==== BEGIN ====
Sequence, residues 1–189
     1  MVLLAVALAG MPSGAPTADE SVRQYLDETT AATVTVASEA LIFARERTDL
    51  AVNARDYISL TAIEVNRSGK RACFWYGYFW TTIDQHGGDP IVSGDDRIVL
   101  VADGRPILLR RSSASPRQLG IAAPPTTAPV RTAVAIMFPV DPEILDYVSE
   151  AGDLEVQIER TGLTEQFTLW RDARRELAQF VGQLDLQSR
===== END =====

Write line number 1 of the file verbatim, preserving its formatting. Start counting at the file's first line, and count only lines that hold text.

Sequence, residues 1–189